My tank has since come back and has been through a bumpy road, still growing unfortunately with very few of Adams little colorful gems....


The big colony on the bottom I think is the only one I still have from the original pack...#17 actually lol...





The best lessons are the ones hardest learned. I probably went all in too soon to fast with that first crash, boy I'd love another go at that original pack after all the hard lessons I've learned lol....
Beautiful tank
 

HolisticBear

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There was a thread titled 'is patience the most contriversial topic'. The postmortem for many crashes is the acceptance that a lack of patience was the root cause and the XYZ was just the needle that broke the camel's back.

When I recall my first tank ages ago and the problems, it's clear a lack of patience was my problem. It's probably impossible to have enough patience on your first tank, only acquired thru pain and experience. I see it on R2R, the high energy excitement of a new reefer, warned to go slow, and 3 months later, a bunch of stuff dies. We warn them, but don't judge them, because we (or I) did the same thing our first time.
 
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Battlecorals

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I never had a 100% crash but 95% of acros all at once, look at my white acros....


Among them my first super pack from Adam...



My tank has since come back and has been through a bumpy road, still growing unfortunately with very few of Adams little colorful gems....


The big colony on the bottom I think is the only one I still have from the original pack...#17 actually lol...





The best lessons are the ones hardest learned. I probably went all in too soon to fast with that first crash, boy I'd love another go at that original pack after all the hard lessons I've learned lol....
I remember it. Looks like you've moved well past that one, and then some. looks amazing man thanks for sharing!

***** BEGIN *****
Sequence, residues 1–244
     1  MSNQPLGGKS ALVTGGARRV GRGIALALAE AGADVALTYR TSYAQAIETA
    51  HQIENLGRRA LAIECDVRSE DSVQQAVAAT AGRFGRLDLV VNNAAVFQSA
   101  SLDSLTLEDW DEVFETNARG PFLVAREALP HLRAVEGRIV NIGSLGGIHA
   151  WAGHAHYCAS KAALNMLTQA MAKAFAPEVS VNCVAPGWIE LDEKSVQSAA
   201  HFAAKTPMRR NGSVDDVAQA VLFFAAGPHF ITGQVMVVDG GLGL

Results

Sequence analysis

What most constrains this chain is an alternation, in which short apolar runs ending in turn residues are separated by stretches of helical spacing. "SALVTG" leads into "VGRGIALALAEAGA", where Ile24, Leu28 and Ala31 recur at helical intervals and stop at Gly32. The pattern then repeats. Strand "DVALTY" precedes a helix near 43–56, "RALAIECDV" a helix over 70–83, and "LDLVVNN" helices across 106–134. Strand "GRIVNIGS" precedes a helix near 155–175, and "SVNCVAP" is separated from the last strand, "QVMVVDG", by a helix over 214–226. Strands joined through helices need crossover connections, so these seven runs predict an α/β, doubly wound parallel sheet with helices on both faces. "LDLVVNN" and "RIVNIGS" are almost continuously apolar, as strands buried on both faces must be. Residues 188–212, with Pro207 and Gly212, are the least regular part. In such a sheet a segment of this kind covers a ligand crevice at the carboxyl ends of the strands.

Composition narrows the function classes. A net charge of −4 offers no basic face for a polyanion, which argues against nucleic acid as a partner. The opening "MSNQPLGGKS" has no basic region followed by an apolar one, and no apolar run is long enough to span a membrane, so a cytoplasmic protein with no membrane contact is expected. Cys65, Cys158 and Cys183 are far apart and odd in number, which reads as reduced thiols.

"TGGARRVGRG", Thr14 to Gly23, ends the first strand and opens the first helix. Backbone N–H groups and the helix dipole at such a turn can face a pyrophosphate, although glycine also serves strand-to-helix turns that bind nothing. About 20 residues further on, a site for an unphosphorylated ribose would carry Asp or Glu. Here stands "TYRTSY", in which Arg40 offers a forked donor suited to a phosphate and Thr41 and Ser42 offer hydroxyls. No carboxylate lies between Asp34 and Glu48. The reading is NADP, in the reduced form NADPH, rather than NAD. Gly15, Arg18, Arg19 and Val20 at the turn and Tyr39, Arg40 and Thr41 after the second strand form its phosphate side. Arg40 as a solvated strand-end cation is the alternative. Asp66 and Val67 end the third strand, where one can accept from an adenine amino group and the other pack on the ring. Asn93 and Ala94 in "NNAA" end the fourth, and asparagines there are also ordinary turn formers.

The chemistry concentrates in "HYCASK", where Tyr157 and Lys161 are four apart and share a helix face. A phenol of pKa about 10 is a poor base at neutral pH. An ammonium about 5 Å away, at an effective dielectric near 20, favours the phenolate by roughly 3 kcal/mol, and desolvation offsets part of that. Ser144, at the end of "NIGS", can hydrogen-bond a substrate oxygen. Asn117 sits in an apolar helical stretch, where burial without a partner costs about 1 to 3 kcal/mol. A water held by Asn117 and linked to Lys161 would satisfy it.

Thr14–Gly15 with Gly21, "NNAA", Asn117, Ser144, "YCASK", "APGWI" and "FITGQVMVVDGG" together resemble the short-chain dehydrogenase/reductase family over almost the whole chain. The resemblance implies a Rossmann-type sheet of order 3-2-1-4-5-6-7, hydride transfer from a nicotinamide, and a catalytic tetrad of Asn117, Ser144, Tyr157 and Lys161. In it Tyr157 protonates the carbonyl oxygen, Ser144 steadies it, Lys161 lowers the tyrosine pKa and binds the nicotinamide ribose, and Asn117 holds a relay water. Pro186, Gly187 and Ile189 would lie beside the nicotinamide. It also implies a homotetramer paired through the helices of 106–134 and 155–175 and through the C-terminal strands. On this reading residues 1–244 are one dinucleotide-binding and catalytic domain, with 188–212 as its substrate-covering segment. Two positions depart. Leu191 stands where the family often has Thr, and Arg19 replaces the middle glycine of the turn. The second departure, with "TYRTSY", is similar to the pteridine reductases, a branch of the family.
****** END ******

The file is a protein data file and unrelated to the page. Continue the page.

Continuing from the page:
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Battlecorals

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Want to talk about the ultimate tank crash...





It's been a great opportunity to start over, as Adam said, the way I want to do it after learning all the tricks and what I like.

For anyone interested,
https://www.reef2reef.com/threads/the-silver-linings-tank-thread-or-my-180g-build.289234/

Good lord my friend. I am at a loss for words. I can't say how I'd be after a disaster like that, but I am certain it would be somewhere between bonkers and bananas. truly inspiring thread though. if we were keeping tabs on damage and sub sequent resilience, you would be the winner and then some
 

PedroYoung

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Good lord my friend. I am at a loss for words. I can't say how I'd be after a disaster like that, but I am certain it would be somewhere between bonkers and bananas. truly inspiring thread though. if we were keeping tabs on damage and sub sequent resilience, you would be the winner and then some
Thanks for that, I've learned a lot. I'm "branching out" (hah, pun intended) and trying my hand at Acros. My next buy is going to be a BattleBox. Just getting up my nerve.......